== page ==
Rewind: Giants vs. Cardinals, Game #2

The St. Louis Cardinals have averaged close to six runs per game this season and sit among the league leaders in virtually every offensive category. So, coming off a game in which they allowed only one run to the most prolific offensive club in the NL, the San Francisco Giants had to fear the law of averages. They hoped to come up with another strong pitching performance and keep the St. Louis hitters in check as they went up against tough ten-game winner Woody Williams.

July 1, 2003 1 2 3 4 5 6 7 8 9 R H E
San Francisco 5 0 0 0 0 0 0 0 0 5 8 0
St. Louis 0 1 0 0 0 0 0 0 0 1 6 0

WP J. Brower (4-1) 6IP 5H 1R 1ER 1BB 2SO 0HR 3.83 ERA
LP W. Williams (10-3) 7IP 6H 5R 5ER 2BB 2SO 1HR 3.18 ERA

The Giants scored five runs off of Williams right away. Leadoff hitter Ray Durham doubled down the left field line to open the game, and Neifi Perez picked up his 1000th career hit with an unusual bloop slap bunt over the head of third baseman Scott Rolen. With Durham at third and Perez at first, Marquis Grissom drove in his 39th run of the season with a sacrifice fly to deep center field. Barry Bonds followed the sac fly with a first-pitch double that split the gap in left center, scoring Perez from first, and Benito Santiago brought Bonds home with a ground rule double. With two down and Santiago still at second, Jose Cruz, Jr. stepped into the box with two hits in three career at-bats against Williams, including a home run. After running the count full, Cruz hit his second career bomb off the St. Louis starter and put the Giants up 5-0.

That five-run first inning gave right-hander Jim Brower a significant cushion before he'd thrown a single pitch. Brower, who hadn't made a major league start since late in the 2001 season, was called upon by manager Felipe Alou to spot start against the Cardinals when struggling starter Damian Moss was moved to the bullpen. Brower was on a strict pitch count of 75 pitches, and expected to pitch four or five innings at best.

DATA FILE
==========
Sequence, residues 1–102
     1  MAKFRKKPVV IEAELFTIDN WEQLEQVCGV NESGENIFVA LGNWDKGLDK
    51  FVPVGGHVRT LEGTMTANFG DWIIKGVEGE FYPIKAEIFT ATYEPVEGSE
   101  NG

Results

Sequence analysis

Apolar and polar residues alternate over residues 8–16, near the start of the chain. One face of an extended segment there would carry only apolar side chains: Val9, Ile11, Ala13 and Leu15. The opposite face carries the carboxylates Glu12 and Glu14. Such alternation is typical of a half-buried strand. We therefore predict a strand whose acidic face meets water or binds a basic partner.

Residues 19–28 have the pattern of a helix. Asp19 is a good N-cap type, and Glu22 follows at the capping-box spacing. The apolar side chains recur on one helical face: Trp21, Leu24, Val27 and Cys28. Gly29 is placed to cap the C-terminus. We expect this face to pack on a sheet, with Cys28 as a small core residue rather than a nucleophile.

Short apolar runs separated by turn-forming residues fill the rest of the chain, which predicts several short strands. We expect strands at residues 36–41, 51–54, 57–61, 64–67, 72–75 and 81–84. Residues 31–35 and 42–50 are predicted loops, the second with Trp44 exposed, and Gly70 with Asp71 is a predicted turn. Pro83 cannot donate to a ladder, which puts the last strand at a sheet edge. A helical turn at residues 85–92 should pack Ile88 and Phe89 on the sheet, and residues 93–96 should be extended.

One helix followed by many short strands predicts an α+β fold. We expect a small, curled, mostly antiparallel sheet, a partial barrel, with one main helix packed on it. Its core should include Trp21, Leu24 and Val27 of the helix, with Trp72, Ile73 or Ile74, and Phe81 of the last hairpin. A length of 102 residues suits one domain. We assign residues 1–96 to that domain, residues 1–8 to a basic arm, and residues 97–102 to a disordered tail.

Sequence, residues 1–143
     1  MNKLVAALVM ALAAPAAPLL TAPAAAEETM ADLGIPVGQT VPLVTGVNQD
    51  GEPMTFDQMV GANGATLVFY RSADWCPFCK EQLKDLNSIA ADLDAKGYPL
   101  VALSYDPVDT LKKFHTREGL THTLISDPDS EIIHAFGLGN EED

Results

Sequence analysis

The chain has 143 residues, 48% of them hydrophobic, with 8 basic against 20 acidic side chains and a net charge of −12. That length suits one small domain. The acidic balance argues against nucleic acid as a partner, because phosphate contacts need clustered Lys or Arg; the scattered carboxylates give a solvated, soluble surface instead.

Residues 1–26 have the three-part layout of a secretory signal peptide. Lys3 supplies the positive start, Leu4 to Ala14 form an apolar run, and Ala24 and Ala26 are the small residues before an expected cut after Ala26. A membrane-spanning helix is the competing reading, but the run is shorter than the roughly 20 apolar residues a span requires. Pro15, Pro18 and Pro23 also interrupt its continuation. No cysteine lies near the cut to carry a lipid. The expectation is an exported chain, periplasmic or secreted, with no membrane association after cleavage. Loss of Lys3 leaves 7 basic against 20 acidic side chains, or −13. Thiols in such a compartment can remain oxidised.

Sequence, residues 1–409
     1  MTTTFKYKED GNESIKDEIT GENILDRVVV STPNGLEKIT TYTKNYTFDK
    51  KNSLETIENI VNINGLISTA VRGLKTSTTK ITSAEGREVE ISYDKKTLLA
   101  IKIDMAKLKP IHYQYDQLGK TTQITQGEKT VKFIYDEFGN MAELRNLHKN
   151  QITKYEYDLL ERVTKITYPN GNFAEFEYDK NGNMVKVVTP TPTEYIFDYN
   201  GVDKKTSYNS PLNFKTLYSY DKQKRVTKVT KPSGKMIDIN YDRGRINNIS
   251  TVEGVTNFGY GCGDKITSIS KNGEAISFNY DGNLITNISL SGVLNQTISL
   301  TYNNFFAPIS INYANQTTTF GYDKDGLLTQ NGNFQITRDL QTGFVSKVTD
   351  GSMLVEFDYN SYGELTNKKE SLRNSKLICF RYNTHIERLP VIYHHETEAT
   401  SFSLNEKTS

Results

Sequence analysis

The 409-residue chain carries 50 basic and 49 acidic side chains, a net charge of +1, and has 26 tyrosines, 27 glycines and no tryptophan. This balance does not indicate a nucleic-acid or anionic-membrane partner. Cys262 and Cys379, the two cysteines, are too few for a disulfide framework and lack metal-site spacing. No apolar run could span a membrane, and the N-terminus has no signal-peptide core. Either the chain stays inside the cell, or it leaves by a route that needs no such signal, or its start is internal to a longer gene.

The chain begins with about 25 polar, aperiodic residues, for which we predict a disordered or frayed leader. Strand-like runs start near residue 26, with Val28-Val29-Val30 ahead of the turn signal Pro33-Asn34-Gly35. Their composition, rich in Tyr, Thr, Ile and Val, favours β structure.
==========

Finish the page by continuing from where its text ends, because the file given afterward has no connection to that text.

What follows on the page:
Brower exceeded expectations, throwing 73 pitches through six full innings and giving up only one run to the potent St. Louis offense. The run came in the second inning, his longest of the game, on an RBI single off the bat of first-baseman Tino Martinez. Brower gave up five hits in total, walking only one while striking out two. He was the beneficiary of a solidly played defensive game, getting help in particular from reserve shortstop Perez on a hard-hit fourth-inning grounder that turned into a double play. After throwing 65 pitches in the first five innings, Brower was sent back to the mound in the sixth to face the heart of the Cardinals' order, with both a lefty and a righty already warming in the bullpen. He responded by throwing only eight pitches to retire Albert Pujols, Jim Edmonds, and Scott Rolen in order.

Neither team scored a run after the second inning. Williams, who lasted seven innings despite throwing 33 pitches in the first inning alone, gave up only one hit after the first, and relievers Steve Kline and Jeff Fassero combined to blank the Giants over the final two frames. Brower was followed by righties Joe Nathan, Felix Rodriguez, and Tim Worrell, who held the Cardinals to just one hit through the ultimate third of the game to preserve the win for Brower and the Giants.

SFDugout's Player of the Game: Jose Cruz, Jr. has started to look more comfortable at the plate lately, and the San Francisco bullpen performed admirably in the game, but Jim Brower deserves the accolade. He pitched six innings of economic, efficient baseball against a dangerous offensive team and gave his teammates all they needed to hold on for their 50th win of the season.

Stephanie Moy is a diehard Giants fan, born and raised in San Francisco. She loves hearing feedback - good, bad, or otherwise - so if you're so obliged, contact her at

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